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    ALL ABOARD: Horsham College students board a school bus at the college’s bus hub after school. Horsham school bus services have returned to 2019 timetabling following mass community backlash to changes to Horsham’s bus network. Picture: PAUL CARRACHER

Public outcry prompts Horsham bus route change reversal


Mass public backlash surrounding changes to Horsham bus routes has revealed a deep community desire to ensure transport services remain appropriate for commuters’ needs.

A complex series of toing and froing, largely between the Horsham community and Public Transport Victoria, unfolded after the launch of a revamped Horsham bus network.

The new network, marked by a visit from Public Transport Minister Melissa Horne on  Wednesday last week, included changes to both town bus routes and school bus routes.

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For many families and school community members, the latter quickly created widespread confusion and frustration.

This led to a desperate public plea that Public Transport Victoria reinstate the previous school bus timetable.

As it stands, Public Transport Victoria has revoked the school bus changes that occurred last week – returning all school services to the 2019 timetable – while it reviews the service.

New town bus routes remain unaffected and will continue to run as planned.

Member for Lowan Emma Kealy, who was at the forefront of calls for change, said it was a ‘great win’ for Horsham parents, students and educators.

“From Tuesday morning, all school bus routes reverted to last year’s arrangements. It’s a huge win,” she said.

“This just further confirms that access to public transport that suits the needs of the community – whether it is town bus services, school bus services or services that connect Horsham with other communities such as passenger rail – is essential.

“Locals always know best, and the Labor Minister and PTV should have listened when people told them these changes would cause distress and disorder.

“I thank everyone who raised their concerns or made a complaint for helping ensure our region gets the outcomes it deserves.”

Stockton Drive resident and mother of four Liz Pumpa was among people affected by the school bus dilemma who helped spread the word across social media.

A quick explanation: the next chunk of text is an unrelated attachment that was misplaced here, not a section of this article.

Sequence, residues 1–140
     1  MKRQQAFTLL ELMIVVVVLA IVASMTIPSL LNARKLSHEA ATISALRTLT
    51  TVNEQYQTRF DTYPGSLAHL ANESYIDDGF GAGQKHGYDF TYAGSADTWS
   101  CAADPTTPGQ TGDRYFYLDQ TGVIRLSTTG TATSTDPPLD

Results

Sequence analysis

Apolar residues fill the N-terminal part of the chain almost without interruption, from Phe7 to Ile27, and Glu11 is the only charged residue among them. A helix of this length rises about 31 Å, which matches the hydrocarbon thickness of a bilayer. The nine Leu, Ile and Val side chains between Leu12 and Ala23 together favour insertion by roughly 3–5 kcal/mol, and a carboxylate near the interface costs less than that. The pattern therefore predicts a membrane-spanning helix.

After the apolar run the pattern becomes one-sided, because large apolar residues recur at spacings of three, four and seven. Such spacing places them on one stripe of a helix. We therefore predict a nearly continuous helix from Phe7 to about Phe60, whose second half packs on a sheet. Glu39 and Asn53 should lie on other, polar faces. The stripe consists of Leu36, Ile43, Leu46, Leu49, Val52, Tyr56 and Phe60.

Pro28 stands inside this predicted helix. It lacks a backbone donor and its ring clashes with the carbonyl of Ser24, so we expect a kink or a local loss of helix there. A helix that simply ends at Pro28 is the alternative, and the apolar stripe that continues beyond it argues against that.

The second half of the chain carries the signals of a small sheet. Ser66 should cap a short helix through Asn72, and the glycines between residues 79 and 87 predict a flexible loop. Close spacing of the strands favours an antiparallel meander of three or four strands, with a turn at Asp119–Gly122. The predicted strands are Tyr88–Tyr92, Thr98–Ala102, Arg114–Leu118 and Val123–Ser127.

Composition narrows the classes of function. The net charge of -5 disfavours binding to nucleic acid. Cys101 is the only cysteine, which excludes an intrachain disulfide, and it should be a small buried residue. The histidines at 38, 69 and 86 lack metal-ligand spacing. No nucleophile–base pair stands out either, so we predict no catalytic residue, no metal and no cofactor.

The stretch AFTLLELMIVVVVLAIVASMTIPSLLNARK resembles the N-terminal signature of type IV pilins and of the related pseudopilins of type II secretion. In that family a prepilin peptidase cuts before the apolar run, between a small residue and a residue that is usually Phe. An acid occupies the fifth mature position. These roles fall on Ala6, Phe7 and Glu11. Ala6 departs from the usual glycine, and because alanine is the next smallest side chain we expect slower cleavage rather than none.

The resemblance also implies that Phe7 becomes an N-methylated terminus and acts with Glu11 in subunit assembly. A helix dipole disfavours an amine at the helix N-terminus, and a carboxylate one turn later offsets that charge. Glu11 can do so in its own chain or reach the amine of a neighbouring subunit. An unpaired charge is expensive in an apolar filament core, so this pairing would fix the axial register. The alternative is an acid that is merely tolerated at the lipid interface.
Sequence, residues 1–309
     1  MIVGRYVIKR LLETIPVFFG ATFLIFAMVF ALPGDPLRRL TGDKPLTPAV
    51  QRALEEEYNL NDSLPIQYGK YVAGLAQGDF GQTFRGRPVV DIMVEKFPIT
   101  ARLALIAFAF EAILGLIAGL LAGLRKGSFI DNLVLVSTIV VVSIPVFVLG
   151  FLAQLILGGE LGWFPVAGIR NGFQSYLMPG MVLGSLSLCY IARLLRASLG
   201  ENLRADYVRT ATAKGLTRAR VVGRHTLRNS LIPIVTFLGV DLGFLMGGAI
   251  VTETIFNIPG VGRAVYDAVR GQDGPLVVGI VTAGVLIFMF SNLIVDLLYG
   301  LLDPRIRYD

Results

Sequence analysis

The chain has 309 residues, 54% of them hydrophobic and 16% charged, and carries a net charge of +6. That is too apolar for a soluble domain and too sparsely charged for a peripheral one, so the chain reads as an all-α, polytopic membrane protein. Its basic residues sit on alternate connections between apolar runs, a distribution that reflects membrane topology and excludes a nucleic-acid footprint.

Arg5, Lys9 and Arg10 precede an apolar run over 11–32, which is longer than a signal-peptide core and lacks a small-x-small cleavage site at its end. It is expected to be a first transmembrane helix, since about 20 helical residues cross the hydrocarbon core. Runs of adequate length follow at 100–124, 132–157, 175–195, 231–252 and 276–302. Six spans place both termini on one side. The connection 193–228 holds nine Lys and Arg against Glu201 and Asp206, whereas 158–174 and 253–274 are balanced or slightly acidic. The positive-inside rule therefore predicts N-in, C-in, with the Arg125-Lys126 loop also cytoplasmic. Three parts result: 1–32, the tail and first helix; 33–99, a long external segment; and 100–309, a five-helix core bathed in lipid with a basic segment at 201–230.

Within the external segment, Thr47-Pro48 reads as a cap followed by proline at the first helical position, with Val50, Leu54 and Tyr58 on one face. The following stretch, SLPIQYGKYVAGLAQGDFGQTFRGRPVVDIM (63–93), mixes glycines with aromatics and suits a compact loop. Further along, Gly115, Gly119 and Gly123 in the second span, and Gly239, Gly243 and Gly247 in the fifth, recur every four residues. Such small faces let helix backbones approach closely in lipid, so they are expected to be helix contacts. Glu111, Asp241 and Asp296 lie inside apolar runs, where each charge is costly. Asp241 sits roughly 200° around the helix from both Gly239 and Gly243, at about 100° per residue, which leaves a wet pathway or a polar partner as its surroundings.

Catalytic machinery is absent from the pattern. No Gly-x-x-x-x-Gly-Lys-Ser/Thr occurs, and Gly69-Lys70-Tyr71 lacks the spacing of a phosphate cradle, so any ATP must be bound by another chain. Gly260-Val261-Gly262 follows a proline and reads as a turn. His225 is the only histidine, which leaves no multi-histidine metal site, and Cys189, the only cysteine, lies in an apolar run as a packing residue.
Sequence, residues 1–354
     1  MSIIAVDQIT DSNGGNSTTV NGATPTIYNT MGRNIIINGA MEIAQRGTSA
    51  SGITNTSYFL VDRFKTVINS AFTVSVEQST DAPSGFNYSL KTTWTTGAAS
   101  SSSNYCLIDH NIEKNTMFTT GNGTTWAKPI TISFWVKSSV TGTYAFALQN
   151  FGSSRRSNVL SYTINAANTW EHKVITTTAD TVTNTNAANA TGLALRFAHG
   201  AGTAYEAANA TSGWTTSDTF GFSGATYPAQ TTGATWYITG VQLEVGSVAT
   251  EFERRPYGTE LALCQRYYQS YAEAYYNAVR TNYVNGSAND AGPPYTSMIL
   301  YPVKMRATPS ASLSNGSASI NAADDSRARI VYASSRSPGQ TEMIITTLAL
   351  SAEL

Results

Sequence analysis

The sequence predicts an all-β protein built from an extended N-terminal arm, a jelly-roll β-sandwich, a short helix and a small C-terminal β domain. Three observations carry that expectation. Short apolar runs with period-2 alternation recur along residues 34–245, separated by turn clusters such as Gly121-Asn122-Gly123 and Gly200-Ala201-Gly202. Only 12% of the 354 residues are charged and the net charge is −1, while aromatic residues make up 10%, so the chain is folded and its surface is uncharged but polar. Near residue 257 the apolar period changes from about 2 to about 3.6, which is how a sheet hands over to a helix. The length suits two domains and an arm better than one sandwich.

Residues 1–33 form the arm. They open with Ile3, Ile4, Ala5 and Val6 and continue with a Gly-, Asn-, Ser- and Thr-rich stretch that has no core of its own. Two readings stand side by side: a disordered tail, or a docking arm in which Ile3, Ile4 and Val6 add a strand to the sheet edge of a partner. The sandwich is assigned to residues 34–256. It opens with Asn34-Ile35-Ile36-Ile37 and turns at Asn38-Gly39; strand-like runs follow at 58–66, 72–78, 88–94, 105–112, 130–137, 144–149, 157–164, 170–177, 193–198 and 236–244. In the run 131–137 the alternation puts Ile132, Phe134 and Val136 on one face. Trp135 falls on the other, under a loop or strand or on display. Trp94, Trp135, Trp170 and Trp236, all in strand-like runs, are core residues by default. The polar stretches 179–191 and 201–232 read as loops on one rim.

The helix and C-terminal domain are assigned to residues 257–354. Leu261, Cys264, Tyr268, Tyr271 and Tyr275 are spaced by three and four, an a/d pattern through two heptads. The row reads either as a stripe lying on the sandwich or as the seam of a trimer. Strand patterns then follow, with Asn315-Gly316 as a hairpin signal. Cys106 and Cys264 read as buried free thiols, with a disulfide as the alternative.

Ms Pumpa said the changes had meant school bus stops that had been operating for 10 years were axed, forcing her children to walk one-kilometre with heavy back packs and cross an ‘extremely busy’ main road to get to the nearest stop.

She said many schools had also faced the dilemma where bus timetables failed to coincide with school times, with buses arriving before students finished or too long after.

She said it was inconvenient, unsafe and failed to support student and family needs, so she was pleased to see the previous routes reinstated ‘so quickly’.

“My son started year seven on Wednesday and was waiting for the bus to take him to school and it never arrived,” she said.

“Based on how quickly they backflipped on this, I think it’s very clear that PTV made a big mistake.

“You have to kick up a fuss in numbers, and that was the reason I tried to get this to go viral on Facebook and get parents to call up PTV about their concerns. They would have been inundated from what I heard. We’re not saying there can’t be improvements to the service, but that comes with community consultation and planning, which there was none.”

Consultation key

In a statement, a Public Transport Victoria spokesperson said the authority would assess the school bus network based on public feedback.

They said that any potential changes would involve consultation with ‘schools, local council, parents, students and the wider community’.

Ms Kealy said the statement created uncertainty about the long-term security of the reinstated school bus timetable. 

She said communication before original changes occurred and across the past week had been ‘terrible’, and she was concerned, as a result, that further consultation from PTV would even occur.

“PTV said it consulted with the community before these changes were made, however, that’s certainly not the feedback I’m receiving from the community,” she said.

“And it raises a real question, when PTV say they’re going to do further consultation about this, about if a decision has already been made and the consultation is just ticking boxes so it can go ahead.

“Even across the last week it has been complete silence from the minister and the PTV. 

“It’s a bit of a snub. We need to know that they’re there for us when things like this happen, but they’ve refused to send even one person down to explain what is going on.

“And that might be alright for parents who have lived here for a long time and know the old school bus routes and how they work, but for people new to the area or sending their children on the school buses for the first time, you just can’t get any information.

“That’s probably been the most disappointing thing about all of this.”

The entire February 5, 2020 edition of The Weekly Advertiser is available online. READ IT HERE!